A video purporting to show the mass beheading of Coptic Christian hostages has been released by militants in Libya claiming loyalty to Islamic State of Iraq and al-Sham (ISIS). One of the militants in the video, speaking English, makes direct reference to that possibility, saying the group now plans to 'conquer Rome.' After the video was released Egypt started bombing the militants. According to initial reports, the bombardment killed dozens of militants as well as civilians. Militants in Libya had been holding 21 Egyptian Coptic Christians hostage for weeks, all laborers rounded up from the city of Sirte in December and January. The makers of the video identify themselves as the Tripoli Province. After the video was released, Egypt said it has launched airstrikes ISIS targets in Libya. The aerial strikes sparked a controversy among the warring and rival faction of Libya.
Omar al-Hassi, the head of Libya's Islamist-led "salvation" government in Tripoli, has condemned recent airstrikes by the Egyptian army in the eastern Darnah city. "I do not see a strong enough reason to strike Darnah," al-Hassi said during a televised speech Thursday night. "The trigger for these strikes was a fabricated tape broadcast on a shadowy website and it was clearly filmed with advanced cinematic abilities which Libyans, and even all Arabs, are incapable of producing," al-Hassi said. Al-Hassi also criticized Egyptian President Abdel-Fattah al-Sisi for "seeking a military intervention in Libya." He also denounced a call by Egypt-which only recognizes rival Tobruk-based government-on the UN to lift a ban on international arms sales to Libya's "legitimate authorities," opening the door for arming the rival government. "Cairo's unwise and unbalanced stance is clear," al-Hassi said. "The calls for arming the Tobruk government will yield more death and bloodshed in Libya." Al-Hassi said the group which had claimed affiliation with the ISIL in Libya comprised relative of late ousted strongman Muammar Gaddhafi, backed up by security and intelligence agencies from "neighboring states." "This group had taken advantage of ordinary people in central Libya," al-Hassi said. Al-Hassi also urged Egyptians living in Libya to leave the country, citing his government's inability to protect them from possible attacks by "intelligence bodies." Al-Hassi also suspended Tripoli's participation in ongoing UN-backed peace talks for Libya's warring political camps. "The U.N. must first bring Egypt to account for violating the rights of the Libyan people."
The Muslim Brotherhood's branch in Libya on Thursday rejected the notion of foreign intervention. "Foreign intervention would have dire consequences for Libya and the entire region" the Brotherhood's Justice and Building Party said.
However, the internationally recognized Libyan government supported Egypt's aggression and asked the international community to establish a coalition to save Libya from the militants. The government also asked the U.N. to lift the weapon embargo.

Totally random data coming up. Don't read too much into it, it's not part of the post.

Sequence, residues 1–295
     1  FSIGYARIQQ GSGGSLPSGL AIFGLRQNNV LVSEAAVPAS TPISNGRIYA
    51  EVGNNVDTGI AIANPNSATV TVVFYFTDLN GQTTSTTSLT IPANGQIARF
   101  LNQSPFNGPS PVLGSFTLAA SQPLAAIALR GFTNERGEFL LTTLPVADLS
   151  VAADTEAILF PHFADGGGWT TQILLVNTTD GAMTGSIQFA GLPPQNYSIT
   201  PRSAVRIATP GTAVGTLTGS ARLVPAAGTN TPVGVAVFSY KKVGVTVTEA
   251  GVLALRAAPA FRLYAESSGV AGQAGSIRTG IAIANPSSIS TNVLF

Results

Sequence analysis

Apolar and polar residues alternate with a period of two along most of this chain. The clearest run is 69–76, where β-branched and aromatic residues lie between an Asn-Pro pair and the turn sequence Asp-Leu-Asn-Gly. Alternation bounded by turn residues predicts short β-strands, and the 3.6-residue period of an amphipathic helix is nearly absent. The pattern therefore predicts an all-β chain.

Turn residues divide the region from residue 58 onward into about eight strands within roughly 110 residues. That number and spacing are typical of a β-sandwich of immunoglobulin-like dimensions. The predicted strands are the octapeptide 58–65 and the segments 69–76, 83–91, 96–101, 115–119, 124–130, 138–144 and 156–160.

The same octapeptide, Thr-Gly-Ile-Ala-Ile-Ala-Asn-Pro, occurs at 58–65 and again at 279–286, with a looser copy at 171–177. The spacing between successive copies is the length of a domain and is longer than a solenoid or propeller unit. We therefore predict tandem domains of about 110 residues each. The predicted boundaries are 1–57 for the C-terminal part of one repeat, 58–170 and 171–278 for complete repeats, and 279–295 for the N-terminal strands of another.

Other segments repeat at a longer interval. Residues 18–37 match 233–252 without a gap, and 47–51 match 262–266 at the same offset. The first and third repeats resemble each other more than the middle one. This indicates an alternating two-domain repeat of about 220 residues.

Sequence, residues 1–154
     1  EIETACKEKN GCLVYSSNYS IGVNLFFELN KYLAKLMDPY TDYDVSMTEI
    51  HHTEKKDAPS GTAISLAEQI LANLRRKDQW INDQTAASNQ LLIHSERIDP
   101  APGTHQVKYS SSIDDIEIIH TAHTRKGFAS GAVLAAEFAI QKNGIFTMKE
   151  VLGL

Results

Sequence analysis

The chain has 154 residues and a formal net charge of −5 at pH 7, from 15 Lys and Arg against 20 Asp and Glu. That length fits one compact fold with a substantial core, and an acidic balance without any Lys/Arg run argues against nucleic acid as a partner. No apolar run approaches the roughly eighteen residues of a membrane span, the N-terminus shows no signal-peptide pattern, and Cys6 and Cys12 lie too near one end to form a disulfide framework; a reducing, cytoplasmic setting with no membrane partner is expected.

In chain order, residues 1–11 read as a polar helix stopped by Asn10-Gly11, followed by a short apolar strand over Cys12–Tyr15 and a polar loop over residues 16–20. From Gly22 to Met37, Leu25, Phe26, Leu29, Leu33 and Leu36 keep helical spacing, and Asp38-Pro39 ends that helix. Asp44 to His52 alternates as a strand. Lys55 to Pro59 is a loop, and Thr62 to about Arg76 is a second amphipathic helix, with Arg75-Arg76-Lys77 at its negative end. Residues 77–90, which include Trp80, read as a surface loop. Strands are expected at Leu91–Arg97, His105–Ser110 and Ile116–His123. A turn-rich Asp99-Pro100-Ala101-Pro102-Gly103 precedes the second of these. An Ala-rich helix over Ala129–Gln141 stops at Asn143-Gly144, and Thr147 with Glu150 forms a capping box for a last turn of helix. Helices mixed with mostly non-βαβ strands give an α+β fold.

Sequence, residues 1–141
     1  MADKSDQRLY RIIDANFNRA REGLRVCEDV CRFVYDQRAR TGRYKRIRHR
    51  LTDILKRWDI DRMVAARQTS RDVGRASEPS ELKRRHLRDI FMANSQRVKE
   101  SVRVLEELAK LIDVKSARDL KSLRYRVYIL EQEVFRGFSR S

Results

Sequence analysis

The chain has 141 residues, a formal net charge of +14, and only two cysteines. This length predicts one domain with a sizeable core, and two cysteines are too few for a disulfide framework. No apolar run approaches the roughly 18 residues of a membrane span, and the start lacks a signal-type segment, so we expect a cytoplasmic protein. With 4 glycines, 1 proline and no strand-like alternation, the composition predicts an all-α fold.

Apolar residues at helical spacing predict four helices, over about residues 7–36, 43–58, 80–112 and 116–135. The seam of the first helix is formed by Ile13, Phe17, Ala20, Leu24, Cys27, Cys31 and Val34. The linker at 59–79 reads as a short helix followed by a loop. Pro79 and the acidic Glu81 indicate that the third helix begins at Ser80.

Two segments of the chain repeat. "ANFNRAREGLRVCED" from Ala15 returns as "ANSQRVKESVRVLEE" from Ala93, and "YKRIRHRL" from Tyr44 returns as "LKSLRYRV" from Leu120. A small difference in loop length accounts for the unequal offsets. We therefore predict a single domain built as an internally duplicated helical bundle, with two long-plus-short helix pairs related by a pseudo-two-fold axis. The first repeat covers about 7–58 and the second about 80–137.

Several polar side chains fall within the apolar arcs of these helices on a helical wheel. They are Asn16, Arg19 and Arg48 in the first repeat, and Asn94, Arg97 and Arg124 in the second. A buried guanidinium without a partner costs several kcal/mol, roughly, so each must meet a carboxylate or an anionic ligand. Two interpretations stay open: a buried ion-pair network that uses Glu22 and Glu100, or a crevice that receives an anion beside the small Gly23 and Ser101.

Besides the Libyan factions, the international community was also divided. While Tunisia said it 'understood' Egypt's aggression but opposed a further military intervention, the Gulf countries expressed their support.
Two of the most powerful members of the U.N. Security Council are rejecting Libya's call to lift a U.N. arms embargo so it can defend itself against ISIS. U.S. and Britain are openly worried about allowing more weapons into a country that has two separate governments, multiple militant groups and a high risk of weapons falling into unwanted hands. Both countries, as permanent members of the 15-seat council, can use their veto to block any proposed action. "The problem is that there isn't a government in Libya that is effective and in control of its territory," British Foreign Secretary Philip Hammond said during a visit to Spain. "There isn't a Libyan military which the international community can effectively support." Libya first needs a government of national unity in place, along with a U.N. presence in the country, he said. "But simply pouring weapons into one faction or the other, which is essentially what has been proposed, is not to bring us to a resolution to the crisis in Libya, and is not going to make Europe safer, is going to make it more at risk," Hammond said.
Libya is split between the internationally recognized government based in Tobruk in the east and another government in Tripoli, backed by Islamist militias. The U.N. embargo has been in place since 2011, the year that long-ruling dictator Moammar Gadhafi was overthrown.
While the discussion over the Egyptian airstrikes continue, three car bombs ripped through the eastern Libyan city of Qubbah on Friday, killing 40 people and wounding 70, security officials and medics said. There was no immediate claim of responsibility, but parliamentary speaker Aguila Saleh said the bombs appeared to have been in retaliation for Egyptian air strikes on nearby Derna. Three bombs exploded on Friday at a petrol station, the local security headquarters and the town council headquarters in Qubbah, which is Saleh's hometown. "We are announcing seven days of mourning for the victims of Qubbah," Saleh told Al Arabiya television. "I think this operation was revenge for what happened in Derna." A security official said the car bombs were probably suicide attacks but no more details were immediately available.